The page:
Case C-435/12 ACI Adam BV and Others the Court of Justice of the European Union (CJEU) ruled that the private use copying exemption allowed under Articles 5(2)(b) and 5(5) of Directive 2001/29 (the InfoSoc Directive) is limited to reproductions made from lawful sources. This affects how private copying levies can be calculated: the number of reproductions made from unlawful sources can no longer be taken into account. At least as importantly, it also means that a significant number of acts of reproduction made by end-users are now clearly qualified as infringing, such as downloads of movies and music from unlicensed internet sites. Does this strengthen or weaken the case for the legalisation of file-sharing for non-commercial uses?This looks good; this blogger is curious to know what the conclusions of the expert panel might be, and hopes to hear all about it after the event.
At the Institute for Information Law's upcoming Information Influx International Conference (Amsterdam, 2-4 July) an expert panel considers the ramifications and potential impact of this and other recent CJEU judgments. IViR researchers will also present the preliminary results of a survey of the Dutch public's views on alternative compensation systems (details here).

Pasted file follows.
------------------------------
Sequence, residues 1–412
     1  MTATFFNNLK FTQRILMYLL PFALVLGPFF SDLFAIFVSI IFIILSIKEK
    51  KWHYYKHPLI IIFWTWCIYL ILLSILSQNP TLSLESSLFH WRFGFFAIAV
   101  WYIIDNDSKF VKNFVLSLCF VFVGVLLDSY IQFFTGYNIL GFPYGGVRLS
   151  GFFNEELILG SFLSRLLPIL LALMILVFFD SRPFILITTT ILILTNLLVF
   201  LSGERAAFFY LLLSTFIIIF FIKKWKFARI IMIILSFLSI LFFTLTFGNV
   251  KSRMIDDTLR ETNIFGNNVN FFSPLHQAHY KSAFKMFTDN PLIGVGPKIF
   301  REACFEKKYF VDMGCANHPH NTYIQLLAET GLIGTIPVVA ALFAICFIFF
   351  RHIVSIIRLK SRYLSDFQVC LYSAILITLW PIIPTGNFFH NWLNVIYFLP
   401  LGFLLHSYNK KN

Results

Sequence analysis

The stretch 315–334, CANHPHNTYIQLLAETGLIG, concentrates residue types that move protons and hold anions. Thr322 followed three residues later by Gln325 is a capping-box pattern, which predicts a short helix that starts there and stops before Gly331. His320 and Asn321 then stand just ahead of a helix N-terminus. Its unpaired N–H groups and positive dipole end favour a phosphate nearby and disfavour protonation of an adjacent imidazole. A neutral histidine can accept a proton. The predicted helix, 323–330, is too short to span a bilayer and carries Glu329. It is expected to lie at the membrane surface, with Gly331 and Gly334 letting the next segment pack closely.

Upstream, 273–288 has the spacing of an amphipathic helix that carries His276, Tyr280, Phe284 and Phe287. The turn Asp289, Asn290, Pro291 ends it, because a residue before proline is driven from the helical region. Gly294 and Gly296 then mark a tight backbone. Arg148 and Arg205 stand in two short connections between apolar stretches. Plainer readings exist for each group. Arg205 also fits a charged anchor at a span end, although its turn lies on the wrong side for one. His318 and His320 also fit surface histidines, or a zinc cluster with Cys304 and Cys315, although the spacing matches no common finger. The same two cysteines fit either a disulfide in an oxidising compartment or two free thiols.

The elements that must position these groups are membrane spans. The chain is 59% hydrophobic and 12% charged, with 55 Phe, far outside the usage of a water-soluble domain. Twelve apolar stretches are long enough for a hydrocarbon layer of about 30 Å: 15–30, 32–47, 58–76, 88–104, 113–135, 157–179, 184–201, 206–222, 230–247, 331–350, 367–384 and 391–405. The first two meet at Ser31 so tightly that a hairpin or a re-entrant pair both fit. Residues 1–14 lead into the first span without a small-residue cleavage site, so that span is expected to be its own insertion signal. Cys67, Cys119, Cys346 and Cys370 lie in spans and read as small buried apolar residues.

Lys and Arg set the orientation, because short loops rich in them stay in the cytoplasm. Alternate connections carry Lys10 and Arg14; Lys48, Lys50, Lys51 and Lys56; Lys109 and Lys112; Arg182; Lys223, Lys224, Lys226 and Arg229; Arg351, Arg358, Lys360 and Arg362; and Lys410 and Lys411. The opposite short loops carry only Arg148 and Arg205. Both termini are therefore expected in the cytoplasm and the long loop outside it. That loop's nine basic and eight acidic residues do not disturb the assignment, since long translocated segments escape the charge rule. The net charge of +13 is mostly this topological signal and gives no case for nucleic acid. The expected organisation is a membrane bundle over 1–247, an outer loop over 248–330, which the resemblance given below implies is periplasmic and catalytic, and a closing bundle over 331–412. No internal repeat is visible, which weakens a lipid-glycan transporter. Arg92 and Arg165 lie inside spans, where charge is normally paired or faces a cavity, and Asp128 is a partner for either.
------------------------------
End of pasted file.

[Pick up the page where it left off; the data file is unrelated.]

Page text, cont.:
another panel at the same conference entitled “Filtering Away Infringement: Copyright, Injunctions and the Role of ISPs” the focus will lie on the related question of the role of intermediaries in stopping illegal file-sharing. The private copying judgment has repercussions for ISPs too. In Case C-314/12, UPC Telekabel Wien GmbH v Constantin Film Verleih GmbH, the Austrian referring court queried, among other matters, the relevance of the exact parameters of the private copying exception with regard to the interpretation of Article 8(3) of the InfoSoc Directive. That provision treats intermediaries whose services are used by a third party to infringe a copyright or related right as being subject to injunctive relief. The Court concluded that uploaders of infringing content “use the services of intermediaries” in the sense of Article 8(3), which opens intermediaries up to injunctive action. In this way the CJEU avoided discussing the private copying exception in that context. The ACI Adam judgment however would indicate that, even in cases where the Court’s logic in UPC Telekabel would not apply, intermediaries would still not be shielded from injunctions, as the downloader (who indubitably does use the services of her access provider) must also be considered to be participating in the infringement. The implications would be substantial and no doubt will give rise to a lively debate at the conference.
Friday, 25 April 2014
The ACI Adam and UPC Telekabel judgments: time to legalise file-sharing?
From Joao Quintais and Christina Angelopoulos comes the following note, with a timely reminder concerning the forthcoming Information Influx event. They write: